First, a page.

Praying with others is not rocket science. But individuals who seek to pray together often face two challenges: keeping their prayers simple and keeping their prayers interesting. I have found the following four methods of praying useful for individuals, small groups, and families with children.
#1 "Thank You, I'm Sorry, Please"
At the start of the session, gather the group, sit in a circle, go over the directions, and answer any questions. This approach involves taking at least three laps around the circle. They include:
Each person in order says “Thank you God, for _______” , filling in the blank. Go around the circle once, or try to go several times, until you can’t think of more things.
Take a moment of silence to reflect on things you are sorry for. Go around the circle and say “I’m sorry God, for _____”. You may pray specific confession, or general, “I’m sorry God, that I have not done what I ought to have done”; or “I have done what I ought not to have done.” Alternatively, you could all recite a written prayer of confession. At the end the leader should remind the group that “if we confess our sins, God is faithful to forgive us our sins, and to cleanse us from all unrighteousness.” 1 John 1:9
Go around the circle and say, “Please, God, ______”, naming specific requests. Go around the circle as many times as needed, to name all the concerns on people’s hearts.
The Leader or other appointed person says a closing prayer of thanksgiving and blessing.
#2 Thanksgiving List
For individuals or groups
1. Each person take a sheet of paper and write a list of one- or two-word items for which you are thankful. Take from 5 to 15 minutes to write your lists.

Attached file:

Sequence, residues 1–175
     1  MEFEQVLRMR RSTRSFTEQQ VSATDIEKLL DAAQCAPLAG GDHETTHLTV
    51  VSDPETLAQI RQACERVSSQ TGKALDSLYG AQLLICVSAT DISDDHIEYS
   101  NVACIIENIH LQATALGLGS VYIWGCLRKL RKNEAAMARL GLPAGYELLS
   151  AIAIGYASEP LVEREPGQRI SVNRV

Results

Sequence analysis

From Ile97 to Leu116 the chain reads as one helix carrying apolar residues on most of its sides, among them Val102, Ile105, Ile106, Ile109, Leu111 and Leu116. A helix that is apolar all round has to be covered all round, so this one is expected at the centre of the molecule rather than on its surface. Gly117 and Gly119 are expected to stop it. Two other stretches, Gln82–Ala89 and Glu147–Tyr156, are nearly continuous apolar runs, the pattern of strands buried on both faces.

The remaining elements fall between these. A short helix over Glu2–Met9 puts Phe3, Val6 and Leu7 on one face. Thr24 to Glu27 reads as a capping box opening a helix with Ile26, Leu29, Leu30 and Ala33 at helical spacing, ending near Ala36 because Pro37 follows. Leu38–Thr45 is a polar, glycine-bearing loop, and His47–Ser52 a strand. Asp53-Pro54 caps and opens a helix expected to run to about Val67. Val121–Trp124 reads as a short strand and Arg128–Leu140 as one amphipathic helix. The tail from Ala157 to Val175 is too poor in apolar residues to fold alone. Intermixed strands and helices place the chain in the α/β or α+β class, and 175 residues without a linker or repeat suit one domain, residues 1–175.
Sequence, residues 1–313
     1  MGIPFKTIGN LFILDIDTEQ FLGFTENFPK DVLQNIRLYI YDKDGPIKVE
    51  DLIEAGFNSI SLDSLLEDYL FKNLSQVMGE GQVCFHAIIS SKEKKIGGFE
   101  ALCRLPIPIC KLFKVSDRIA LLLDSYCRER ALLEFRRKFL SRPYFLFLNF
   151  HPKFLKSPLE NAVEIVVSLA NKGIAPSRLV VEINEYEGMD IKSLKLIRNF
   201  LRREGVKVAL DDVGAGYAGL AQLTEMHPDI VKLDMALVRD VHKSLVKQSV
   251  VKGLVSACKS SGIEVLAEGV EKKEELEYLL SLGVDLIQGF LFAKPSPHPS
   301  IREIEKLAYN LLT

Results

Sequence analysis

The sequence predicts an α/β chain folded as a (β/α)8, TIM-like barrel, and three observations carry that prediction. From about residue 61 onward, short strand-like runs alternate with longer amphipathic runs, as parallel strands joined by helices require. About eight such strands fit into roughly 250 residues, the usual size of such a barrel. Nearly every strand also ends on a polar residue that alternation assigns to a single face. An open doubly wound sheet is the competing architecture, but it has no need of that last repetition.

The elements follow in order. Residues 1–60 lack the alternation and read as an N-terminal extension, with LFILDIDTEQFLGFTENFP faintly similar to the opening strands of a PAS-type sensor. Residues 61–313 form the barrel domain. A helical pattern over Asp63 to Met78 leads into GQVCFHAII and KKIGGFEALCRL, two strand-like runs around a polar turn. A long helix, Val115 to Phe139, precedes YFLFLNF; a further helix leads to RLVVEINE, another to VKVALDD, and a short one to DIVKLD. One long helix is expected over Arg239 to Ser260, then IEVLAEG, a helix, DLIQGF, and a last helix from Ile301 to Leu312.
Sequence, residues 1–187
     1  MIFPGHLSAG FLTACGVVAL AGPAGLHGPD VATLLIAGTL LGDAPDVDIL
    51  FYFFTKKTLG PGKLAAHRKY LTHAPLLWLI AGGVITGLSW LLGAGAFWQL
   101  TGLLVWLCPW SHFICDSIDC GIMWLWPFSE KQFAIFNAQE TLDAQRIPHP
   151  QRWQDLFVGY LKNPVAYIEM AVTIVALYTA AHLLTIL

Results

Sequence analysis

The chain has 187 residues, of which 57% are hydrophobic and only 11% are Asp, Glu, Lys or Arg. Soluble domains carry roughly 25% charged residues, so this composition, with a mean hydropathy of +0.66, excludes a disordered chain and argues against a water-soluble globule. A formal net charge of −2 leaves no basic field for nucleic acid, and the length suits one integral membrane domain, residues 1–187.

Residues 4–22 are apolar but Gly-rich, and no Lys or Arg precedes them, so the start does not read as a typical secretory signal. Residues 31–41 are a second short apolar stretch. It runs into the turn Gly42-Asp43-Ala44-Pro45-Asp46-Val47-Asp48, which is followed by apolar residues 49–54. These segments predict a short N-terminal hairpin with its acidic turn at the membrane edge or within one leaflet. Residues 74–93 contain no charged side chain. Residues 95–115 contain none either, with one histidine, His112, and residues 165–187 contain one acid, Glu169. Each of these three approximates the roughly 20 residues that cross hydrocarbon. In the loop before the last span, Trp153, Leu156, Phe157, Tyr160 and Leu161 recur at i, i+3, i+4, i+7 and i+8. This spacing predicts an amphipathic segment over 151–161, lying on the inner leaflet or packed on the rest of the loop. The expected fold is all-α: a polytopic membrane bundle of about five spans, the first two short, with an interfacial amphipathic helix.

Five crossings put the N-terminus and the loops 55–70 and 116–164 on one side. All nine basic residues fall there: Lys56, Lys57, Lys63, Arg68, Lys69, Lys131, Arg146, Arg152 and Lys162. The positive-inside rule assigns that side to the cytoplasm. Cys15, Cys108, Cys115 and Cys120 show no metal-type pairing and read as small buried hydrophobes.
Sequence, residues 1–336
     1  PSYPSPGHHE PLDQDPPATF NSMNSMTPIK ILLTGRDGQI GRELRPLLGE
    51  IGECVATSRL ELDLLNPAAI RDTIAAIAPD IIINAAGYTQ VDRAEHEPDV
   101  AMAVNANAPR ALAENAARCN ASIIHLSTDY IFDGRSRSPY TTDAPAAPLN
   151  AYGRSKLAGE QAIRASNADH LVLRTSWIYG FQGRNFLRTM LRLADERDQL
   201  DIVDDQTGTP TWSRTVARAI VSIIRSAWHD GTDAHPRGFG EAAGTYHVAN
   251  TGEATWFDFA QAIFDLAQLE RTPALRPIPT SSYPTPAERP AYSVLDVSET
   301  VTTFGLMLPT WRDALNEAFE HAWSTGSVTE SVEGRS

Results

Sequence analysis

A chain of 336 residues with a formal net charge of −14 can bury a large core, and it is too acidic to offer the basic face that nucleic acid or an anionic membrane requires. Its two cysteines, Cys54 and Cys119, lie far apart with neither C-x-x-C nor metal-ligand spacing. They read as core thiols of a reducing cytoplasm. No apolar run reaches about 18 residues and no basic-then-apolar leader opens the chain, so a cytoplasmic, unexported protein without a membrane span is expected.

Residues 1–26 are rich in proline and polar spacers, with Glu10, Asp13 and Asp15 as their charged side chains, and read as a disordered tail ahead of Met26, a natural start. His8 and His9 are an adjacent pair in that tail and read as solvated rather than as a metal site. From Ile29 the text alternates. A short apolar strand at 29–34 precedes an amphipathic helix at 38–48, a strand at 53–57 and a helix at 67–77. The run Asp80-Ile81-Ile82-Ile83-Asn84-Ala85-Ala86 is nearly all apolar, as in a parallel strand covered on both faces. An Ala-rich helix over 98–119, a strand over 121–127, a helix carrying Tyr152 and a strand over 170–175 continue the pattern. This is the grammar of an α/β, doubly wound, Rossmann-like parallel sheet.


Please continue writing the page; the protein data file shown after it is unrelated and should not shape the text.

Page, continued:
2. Go around the circle, reading one item from each list, until you have read all of them. (Or each person read your own list through, then go to the next person.)
3. Talk to God, telling Him of your thankfulness.
Comments: The book 10,000 Things to Praise God For has some great suggestions. For example, your list could look like this:
Daffodils, Smiles, Chewing gum, Easter sunrise service, Spare tires, Faithfulness, Absolution and Remission of Sins, Squirrels chasing squirrels, Arts & Crafts, Letters from friends, Nativity sets, Quiet, Shooting stars, C S Lewis, Girls in Sunday dresses, Bongos, Etc.
#3 Praying with Clay
1. Take a lump of clay the size of your fist. (either the kind of clay that dries, or oil-based modeling clay – or even Play-Doh)
2. Reflecting on the Biblical image of clay from the book of Jeremiah, picture yourself as clay in the hands of the Lord, who is forming you into the shape He desires for you, in His own image. (You may want quiet worship music for background.)
3. Take 30 minutes, and work with the clay, asking God, “What are you forming in me?”
4. As you pray, listen and look for God’s quiet word to you. Some common experiences with this exercise are:
- God will give you an image, and you will try to form it in the clay
- God will “speak to you” in the very process of working with the clay, showing you truths about yourself and/or about God’s nature, and your relationship. (In this case you may not have a “finished product” at the end of your time.)
- As you work with the clay, you may “see” something emerging that you hadn’t expected, and continue to form it.
- You may go through a series of forms and shapes, having a dialog with God about each one.
5. When you finish with the clay, take time to write in your journal about the experience, and any questions you have, or ideas God has spoken to you.
6. If you are doing this exercise in a group, gather to share your experiences, as close with a prayer of thanksgiving and dedication.